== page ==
We have SFX boards in both 2MB and 16MB versions. You may be thinking "Wow, that is nothing, I send emails bigger than that on a daily basis!" But you'd be surprised! For sound effects and small embedded audio devices, you need a surprisingly small amount of space.
Depending on whether or not you compress the audio, have stereo or mono, CD quality or 'every day' quality, you can store anywhere up to approx an hour of compressed music (mono 22KHz Ogg Vorbis on the 16MB version)
First up, remember you can always have compressed audio which saves you a ton of space. The Sound Board can handle Ogg Vorbis (a sort of royalty-free MP3 format) in any bit rate
Most projects do not need true stereo, if you are only using one speaker or if you don't need two distinct channels, record/convert your audio as Mono! You'll get the same audio from both left and right channels and fit 2x as much music.
CD quality audio is 44.1KHz 16Bit, thats 44100 2-byte samples per second. While you can decode audio on the Sound Boards at that rate, often times your speakers or headphones aren't that good anyways.
We suggest sticking with 16 bits, but reducing the sample rate to 22KHz unless you are piping the audio into a quality stereo system or expect users to have fancy headphones plugged in. If you're doing 'voice' type effects, you may be able to go down to 11KHz. Every time you reduce the sample rate, you can double or triple the length of audio.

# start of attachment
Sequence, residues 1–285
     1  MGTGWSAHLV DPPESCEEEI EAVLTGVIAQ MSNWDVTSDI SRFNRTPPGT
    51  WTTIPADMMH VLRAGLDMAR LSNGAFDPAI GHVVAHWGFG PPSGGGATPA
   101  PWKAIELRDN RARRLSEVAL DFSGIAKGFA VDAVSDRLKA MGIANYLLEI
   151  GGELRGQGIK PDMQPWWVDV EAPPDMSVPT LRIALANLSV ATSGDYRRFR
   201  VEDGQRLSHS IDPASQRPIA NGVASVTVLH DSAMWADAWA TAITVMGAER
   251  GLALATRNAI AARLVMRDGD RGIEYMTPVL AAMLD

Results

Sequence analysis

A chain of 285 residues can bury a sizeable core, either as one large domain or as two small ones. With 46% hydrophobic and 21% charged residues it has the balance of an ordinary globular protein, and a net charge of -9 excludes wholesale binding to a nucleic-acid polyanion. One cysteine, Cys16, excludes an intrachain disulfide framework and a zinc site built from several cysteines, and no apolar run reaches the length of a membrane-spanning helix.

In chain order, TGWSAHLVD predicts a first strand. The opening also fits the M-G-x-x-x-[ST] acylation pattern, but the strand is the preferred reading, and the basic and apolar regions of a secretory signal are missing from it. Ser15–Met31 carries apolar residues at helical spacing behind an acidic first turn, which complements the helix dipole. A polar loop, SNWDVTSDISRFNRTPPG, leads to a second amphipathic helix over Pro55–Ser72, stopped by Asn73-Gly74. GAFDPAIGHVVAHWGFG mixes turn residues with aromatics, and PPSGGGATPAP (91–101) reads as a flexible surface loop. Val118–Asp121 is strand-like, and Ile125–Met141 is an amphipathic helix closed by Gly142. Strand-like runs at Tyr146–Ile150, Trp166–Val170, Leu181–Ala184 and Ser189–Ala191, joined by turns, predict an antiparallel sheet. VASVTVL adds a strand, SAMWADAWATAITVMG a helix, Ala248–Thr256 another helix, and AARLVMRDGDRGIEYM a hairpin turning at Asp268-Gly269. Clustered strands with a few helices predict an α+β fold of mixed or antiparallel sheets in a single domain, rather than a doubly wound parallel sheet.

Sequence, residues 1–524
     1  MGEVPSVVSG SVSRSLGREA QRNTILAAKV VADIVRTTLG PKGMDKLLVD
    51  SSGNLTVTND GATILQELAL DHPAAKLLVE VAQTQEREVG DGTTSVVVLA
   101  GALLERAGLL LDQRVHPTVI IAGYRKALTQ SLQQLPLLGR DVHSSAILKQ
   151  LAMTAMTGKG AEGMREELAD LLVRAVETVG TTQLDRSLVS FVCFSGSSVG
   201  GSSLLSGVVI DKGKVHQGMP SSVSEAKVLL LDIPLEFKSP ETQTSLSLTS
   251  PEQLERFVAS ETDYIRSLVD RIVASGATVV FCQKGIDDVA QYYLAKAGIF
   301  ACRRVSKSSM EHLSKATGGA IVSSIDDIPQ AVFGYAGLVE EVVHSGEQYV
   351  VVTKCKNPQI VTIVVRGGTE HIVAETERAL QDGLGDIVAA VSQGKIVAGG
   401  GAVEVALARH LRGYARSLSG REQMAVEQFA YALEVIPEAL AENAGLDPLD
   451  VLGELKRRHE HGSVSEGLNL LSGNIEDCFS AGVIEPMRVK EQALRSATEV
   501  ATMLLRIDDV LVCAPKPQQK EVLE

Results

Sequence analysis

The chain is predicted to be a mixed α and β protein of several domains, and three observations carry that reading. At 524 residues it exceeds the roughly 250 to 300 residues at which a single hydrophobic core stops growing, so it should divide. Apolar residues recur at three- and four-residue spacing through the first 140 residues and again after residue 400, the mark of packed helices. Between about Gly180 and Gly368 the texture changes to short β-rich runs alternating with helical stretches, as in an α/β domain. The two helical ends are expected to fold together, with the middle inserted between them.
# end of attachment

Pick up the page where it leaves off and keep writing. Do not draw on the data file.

The absolute biggest files you can generate and play are CD quality uncompressed stereo WAV files, at 44.KHz/16 bit.
Stereo WAV 44.1 KHz 16 Bit - (2 bytes * 2 channels * 44100) = ~175 KB per second, so 2MB can hold 12 seconds, 16MB can hold 90 seconds
Mono WAV 44.1 KHz 16 Bit - (2 bytes * 1 channels * 44100) = ~88 KB per second, so 2MB can hold 23 seconds, 16MB can hold 180 seconds (3 minutes)
Stereo WAV 22 KHz 16 Bit - (2 bytes * 2 channels * 22050) = ~88 KB per second, so 2MB can hold 23 seconds, 16MB can hold 180 seconds (3 minutes)
Mono WAV 22 KHz 16 Bit - (2 bytes * 1 channels * 22050) = ~44 KB per second, so 2MB can hold 45 seconds, 16MB can hold 6 minutes
Stereo WAV 11 KHz 16 Bit - (2 bytes * 2 channels * 11025) = ~44 KB per second, so 2MB can hold 45 seconds, 16MB can hold 6 minutes
Mono WAV 11 KHz 16 Bit - (2 bytes * 1 channels * 11025) = ~22 KB per second, so 2MB can hold 90 seconds, 16MB can hold 12 minutes
You can compress or convert any kind of file (like MP3) to Ogg Vorbis and its royalty free!
Since it's compressed, Ogg Vorbis does lose a little quality but its very unlikely that you will notice. The only real tradeoff for Ogg files is that the Codec is a little slower so it takes longer to play files, on the order of 50 milliseconds or so. In general this is not noticable, but if you are looping audio with a TnnHOLDL.ogg file, you'll notice a small gap.
Ogg Vorbis is about 1:5 to 1:10 compression over WAV files, so you can store 5-10x as long audio if you compress it to Ogg, compared to the numbers above